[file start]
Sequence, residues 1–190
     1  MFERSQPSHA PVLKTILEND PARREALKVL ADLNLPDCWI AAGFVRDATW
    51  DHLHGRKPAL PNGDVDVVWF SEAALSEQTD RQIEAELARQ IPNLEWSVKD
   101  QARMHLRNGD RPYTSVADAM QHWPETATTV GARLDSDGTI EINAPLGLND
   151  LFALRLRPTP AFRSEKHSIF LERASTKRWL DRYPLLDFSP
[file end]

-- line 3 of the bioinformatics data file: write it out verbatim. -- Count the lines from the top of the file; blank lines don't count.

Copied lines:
    51  DHLHGRKPAL PNGDVDVVWF SEAALSEQTD RQIEAELARQ IPNLEWSVKD